Divorce is associated with conflicts due to the sensitivity of its aspects, including property division. This is one of the matters that can bring out a different side of people going through a divorce. However, this does not necessarily have to happen. Provided a couple understands the rules that govern property division and each can protect their interests, the division of assets can be handled without a protracted court battle.
This guide discusses how this can happen.
Prepare a list of your marital and separate property
You and your spouse should list your marital and separate property. Of course, the marital property lists should be the same. If there is a difference, you should follow it up – your spouse may have forgotten to include an asset on their list. It will also help to have an accounting of debts incurred in the marriage.
If you and your spouse agree that each other’s list is accurate, the subsequent stages may be more manageable.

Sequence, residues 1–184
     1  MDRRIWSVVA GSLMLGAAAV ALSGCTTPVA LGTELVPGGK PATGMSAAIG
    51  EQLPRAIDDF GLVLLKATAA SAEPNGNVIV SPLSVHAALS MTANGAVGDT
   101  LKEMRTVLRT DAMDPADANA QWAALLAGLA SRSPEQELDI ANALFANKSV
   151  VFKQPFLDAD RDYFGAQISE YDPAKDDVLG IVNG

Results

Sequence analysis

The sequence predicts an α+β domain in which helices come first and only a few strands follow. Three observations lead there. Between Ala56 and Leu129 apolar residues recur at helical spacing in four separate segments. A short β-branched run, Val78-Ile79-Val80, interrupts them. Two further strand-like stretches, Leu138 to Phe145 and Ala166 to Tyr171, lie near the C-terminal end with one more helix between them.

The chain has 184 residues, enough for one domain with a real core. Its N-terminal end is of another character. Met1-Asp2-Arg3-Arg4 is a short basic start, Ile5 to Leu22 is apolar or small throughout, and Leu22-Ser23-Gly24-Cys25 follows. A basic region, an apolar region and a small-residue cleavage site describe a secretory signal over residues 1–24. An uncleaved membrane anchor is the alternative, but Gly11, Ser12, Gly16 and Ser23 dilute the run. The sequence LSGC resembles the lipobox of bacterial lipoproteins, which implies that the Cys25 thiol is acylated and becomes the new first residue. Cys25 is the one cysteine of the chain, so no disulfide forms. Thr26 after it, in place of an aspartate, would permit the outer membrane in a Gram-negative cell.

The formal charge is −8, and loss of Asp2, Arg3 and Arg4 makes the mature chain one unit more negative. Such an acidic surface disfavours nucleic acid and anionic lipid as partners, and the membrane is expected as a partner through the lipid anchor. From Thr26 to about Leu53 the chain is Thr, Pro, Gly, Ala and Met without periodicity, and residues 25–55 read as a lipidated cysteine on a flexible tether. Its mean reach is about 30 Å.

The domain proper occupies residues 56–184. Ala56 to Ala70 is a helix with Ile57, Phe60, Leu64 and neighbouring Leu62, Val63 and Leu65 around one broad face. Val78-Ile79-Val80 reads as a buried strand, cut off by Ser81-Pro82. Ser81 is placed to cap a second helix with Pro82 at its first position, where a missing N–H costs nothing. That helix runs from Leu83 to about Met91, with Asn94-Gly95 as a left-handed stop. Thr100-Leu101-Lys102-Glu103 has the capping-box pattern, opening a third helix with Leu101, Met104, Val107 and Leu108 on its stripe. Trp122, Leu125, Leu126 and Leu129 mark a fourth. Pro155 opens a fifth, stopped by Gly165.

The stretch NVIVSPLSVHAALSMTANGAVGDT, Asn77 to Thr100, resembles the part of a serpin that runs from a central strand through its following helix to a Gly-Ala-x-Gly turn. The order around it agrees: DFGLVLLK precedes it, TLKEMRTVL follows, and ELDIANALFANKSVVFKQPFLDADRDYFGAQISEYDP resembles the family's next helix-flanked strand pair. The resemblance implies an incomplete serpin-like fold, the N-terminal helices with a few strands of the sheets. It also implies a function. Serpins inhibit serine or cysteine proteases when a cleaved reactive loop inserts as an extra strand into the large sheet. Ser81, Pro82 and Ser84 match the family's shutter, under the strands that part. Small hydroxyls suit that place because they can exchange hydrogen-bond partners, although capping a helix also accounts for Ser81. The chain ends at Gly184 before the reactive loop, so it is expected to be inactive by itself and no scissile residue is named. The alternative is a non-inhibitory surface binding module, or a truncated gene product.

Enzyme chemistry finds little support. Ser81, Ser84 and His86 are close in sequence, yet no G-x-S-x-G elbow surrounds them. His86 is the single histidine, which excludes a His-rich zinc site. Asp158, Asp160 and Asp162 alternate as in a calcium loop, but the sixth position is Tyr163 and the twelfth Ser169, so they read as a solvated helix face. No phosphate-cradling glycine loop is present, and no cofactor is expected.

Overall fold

Valuate your property
The next step is hiring an appraiser(s) to get the accurate value of the marital assets. Note that you may need to find specialists if you have unique assets like an art collection or a business, but the most common asset spouses have to have appraised is their home.
Learn about the tax implications
You should learn of the tax implications involved in your property. This is because two assets of the same value are not equal if they have different tax liabilities. You don’t want to choose a valuable asset only to deal with high tax implications later.
Be willing to compromise
While protecting your interests is crucial, you should be willing to compromise in some matters, allowing your soon-to-be ex-spouse also to get a favorable outcome.
It’s possible to agree on property division outside court. With experienced legal guidance, you and your spouse can confidently approach this subject and make an agreement that works for you both.